Children and Pain Management in EDs: Whites More Likely to Receive Opioids

In a study published online in JAMA Pediatrics, out of 940,000 children with appendicitis, over half received any analgesia and about 40% received opioid analgesia. While 43% of white children receiving opioids, only 21% of black patients did. “When stratified by pain score and adjusted for ethnicity,” whether the pain was moderate or severe, “black patients were less likely to receive” pain medication. “In patients reporting moderate pain, only 15.7% of black patients received any analgesia as compared to 58.5% of white patients.” In those reporting severe pain, only 24.5% of blacks received the appropriate opioid medicine as compared to 58.3% of whites.”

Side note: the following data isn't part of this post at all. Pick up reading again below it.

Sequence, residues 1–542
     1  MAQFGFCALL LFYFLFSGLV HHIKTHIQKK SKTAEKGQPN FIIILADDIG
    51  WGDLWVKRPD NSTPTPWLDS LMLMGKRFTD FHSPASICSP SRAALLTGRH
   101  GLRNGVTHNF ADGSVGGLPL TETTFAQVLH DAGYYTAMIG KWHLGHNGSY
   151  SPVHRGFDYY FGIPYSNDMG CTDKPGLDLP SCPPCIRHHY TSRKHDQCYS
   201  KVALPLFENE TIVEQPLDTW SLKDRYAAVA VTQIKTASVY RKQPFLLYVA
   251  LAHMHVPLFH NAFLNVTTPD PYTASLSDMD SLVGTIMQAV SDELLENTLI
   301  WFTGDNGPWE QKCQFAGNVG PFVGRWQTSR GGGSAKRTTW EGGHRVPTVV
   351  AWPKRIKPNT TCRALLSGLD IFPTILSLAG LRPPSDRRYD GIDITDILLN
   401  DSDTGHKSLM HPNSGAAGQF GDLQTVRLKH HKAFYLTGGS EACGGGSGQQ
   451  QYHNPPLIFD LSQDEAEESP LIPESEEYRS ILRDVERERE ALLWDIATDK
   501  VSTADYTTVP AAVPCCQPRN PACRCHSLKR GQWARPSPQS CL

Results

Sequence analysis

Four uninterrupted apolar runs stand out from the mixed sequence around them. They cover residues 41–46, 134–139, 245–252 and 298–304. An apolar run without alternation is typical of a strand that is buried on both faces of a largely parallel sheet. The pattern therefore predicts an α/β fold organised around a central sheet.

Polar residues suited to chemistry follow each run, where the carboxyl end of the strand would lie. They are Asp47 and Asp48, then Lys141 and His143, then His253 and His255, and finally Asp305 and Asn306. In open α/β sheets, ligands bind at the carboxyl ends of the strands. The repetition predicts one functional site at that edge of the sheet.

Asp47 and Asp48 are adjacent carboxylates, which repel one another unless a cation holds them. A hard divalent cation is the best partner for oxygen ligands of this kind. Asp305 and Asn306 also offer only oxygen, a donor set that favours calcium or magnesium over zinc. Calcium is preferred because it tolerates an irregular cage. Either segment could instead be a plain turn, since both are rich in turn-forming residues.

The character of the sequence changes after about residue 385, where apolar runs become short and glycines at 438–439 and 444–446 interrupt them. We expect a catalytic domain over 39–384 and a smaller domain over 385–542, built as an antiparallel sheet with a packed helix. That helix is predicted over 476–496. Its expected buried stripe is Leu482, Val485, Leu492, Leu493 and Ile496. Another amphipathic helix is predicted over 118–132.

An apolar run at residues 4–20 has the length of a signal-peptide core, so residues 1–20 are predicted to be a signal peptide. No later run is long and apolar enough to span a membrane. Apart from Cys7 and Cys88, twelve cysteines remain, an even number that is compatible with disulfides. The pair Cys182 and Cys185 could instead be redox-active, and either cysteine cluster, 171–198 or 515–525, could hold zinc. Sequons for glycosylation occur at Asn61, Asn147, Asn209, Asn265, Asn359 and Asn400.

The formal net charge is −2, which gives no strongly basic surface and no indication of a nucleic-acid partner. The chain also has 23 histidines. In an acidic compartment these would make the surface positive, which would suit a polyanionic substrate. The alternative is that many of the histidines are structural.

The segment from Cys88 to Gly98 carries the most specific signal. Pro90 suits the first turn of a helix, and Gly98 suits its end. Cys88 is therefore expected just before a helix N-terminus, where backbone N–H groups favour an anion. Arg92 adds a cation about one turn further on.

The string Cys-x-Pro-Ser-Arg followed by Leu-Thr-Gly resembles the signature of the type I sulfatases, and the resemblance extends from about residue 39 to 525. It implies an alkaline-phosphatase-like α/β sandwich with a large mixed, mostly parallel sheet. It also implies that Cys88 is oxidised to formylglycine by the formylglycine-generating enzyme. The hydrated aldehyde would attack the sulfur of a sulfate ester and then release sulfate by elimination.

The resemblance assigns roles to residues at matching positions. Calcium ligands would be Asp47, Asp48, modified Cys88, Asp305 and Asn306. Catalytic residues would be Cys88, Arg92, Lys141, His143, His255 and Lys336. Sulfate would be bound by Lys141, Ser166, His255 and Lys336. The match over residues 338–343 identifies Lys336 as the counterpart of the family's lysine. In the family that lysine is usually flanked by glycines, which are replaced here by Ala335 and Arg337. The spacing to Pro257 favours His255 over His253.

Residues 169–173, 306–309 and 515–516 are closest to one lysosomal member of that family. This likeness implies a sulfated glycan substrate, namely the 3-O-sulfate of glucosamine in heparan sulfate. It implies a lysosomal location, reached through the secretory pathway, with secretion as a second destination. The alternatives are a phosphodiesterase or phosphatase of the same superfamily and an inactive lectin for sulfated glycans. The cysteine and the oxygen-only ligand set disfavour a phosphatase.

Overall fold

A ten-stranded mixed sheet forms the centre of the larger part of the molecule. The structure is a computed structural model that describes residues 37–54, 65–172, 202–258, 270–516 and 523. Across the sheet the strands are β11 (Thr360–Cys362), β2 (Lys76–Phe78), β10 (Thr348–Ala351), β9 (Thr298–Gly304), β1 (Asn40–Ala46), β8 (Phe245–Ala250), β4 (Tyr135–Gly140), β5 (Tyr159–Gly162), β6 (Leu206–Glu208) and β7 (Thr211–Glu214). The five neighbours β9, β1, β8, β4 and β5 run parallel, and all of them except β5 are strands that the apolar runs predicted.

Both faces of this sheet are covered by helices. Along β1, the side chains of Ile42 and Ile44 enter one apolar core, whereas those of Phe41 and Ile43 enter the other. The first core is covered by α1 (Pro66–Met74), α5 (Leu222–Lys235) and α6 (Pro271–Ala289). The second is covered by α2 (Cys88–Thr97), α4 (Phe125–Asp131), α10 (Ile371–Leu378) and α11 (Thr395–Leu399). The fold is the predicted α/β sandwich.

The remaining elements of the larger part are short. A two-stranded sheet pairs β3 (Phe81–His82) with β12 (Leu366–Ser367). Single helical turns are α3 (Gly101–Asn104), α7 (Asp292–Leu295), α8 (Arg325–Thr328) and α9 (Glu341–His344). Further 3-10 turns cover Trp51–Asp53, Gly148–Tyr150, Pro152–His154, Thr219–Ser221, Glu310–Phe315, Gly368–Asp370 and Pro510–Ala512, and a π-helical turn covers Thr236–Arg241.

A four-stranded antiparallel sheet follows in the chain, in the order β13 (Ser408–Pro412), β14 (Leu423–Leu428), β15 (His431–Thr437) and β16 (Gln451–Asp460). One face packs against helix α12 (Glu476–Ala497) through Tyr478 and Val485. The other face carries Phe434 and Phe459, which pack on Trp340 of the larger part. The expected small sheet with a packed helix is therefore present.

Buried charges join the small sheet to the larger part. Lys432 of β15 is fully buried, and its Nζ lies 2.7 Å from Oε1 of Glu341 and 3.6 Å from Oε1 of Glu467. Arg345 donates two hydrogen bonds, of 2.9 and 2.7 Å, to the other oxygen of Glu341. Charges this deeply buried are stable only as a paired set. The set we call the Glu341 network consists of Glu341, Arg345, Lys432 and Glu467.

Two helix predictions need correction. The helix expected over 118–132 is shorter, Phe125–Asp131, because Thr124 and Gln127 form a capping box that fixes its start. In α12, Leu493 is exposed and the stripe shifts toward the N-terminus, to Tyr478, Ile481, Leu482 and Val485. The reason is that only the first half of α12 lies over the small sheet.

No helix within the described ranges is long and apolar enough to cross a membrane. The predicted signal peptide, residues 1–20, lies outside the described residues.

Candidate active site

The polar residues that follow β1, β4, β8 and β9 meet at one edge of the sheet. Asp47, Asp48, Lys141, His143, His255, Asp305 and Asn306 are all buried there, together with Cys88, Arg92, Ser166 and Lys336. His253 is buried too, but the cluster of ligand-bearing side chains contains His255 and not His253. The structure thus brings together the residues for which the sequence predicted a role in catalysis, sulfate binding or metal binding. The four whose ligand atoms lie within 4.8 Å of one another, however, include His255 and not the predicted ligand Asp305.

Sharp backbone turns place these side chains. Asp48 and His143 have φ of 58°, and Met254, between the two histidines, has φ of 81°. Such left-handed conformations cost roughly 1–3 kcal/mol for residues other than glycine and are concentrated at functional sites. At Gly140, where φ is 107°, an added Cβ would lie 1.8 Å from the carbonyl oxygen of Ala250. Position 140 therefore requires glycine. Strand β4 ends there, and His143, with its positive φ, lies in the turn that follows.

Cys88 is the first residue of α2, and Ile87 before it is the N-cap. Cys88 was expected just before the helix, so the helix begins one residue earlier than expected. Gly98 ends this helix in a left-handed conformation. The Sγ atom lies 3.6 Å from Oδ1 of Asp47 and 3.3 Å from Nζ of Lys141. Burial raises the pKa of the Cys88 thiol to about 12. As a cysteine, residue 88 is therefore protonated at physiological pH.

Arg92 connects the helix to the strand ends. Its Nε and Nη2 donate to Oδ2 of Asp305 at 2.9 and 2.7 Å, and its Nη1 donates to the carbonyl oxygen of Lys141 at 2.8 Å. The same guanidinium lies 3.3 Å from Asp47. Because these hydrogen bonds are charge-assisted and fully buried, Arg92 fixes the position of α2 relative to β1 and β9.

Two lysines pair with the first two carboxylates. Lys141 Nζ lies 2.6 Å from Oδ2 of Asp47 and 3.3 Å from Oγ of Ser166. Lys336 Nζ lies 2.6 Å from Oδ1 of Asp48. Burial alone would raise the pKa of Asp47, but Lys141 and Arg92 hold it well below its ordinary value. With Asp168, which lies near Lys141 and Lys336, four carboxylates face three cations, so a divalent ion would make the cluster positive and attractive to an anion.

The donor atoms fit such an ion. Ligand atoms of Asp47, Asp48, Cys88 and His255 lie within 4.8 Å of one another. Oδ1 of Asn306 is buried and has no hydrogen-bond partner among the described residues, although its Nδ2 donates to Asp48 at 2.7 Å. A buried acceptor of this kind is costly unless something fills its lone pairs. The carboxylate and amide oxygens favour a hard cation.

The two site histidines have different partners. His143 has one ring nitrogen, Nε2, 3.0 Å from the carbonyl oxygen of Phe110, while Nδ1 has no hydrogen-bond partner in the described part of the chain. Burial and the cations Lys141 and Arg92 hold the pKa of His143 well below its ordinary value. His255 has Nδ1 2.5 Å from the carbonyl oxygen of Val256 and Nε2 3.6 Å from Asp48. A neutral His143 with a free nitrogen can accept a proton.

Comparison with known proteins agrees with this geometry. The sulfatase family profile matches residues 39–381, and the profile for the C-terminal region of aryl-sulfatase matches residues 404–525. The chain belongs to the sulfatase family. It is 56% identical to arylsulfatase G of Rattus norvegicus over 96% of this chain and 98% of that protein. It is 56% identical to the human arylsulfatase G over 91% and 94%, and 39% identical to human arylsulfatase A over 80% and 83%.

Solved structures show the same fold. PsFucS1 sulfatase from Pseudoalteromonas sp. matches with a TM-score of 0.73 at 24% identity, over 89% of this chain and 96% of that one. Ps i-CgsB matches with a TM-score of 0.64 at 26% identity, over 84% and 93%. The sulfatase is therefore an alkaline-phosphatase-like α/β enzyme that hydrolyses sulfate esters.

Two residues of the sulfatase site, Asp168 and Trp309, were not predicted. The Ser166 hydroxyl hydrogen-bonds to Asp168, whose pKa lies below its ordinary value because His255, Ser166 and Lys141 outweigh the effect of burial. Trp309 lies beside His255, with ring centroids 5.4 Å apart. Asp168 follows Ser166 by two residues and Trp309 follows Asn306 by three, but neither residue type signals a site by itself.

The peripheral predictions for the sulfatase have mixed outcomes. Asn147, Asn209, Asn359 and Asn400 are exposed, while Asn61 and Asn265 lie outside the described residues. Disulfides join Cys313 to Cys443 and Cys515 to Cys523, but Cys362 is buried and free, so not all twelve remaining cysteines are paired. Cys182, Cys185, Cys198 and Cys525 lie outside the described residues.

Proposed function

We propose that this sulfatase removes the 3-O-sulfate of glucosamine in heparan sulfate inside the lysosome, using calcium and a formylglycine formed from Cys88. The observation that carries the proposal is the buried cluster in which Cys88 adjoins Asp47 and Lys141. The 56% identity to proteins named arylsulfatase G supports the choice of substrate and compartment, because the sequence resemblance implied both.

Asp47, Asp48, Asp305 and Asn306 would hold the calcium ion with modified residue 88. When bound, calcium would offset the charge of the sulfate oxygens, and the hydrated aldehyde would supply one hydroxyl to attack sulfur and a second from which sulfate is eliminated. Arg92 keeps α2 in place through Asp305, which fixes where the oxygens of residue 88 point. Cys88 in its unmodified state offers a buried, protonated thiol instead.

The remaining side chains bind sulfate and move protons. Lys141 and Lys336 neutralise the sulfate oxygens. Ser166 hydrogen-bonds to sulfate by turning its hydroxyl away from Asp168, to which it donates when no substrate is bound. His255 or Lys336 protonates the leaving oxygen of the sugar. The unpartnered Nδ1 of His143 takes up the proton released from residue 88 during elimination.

In the pediatric population, appendicitis is generally undertreated, and especially undertreated for black children. Previous studies have shown that there are racial/ethnic differences for people of all ages—in how long a patient has to wait to see a physician or be admitted to the hospital. Management of pain disparities for adults have been noted as well, with opioid prescription rates lower for black and Hispanics than whites. Among the conclusions to the study mentioned above, “findings suggest that there are racial disparities in opioid administration to children with appendicitis, even after adjustment for potential confounders.”

To read an article about the study, click here.

To read the JAMA online article, click here.



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